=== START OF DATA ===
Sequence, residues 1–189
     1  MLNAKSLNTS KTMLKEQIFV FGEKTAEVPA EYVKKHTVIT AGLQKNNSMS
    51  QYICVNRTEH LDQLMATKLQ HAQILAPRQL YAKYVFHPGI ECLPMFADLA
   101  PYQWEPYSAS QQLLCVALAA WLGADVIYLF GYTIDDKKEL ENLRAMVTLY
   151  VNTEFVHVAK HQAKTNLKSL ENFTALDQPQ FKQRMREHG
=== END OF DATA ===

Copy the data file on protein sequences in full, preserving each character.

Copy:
Sequence, residues 1–189
     1  MLNAKSLNTS KTMLKEQIFV FGEKTAEVPA EYVKKHTVIT AGLQKNNSMS
    51  QYICVNRTEH LDQLMATKLQ HAQILAPRQL YAKYVFHPGI ECLPMFADLA
   101  PYQWEPYSAS QQLLCVALAA WLGADVIYLF GYTIDDKKEL ENLRAMVTLY
   151  VNTEFVHVAK HQAKTNLKSL ENFTALDQPQ FKQRMREHG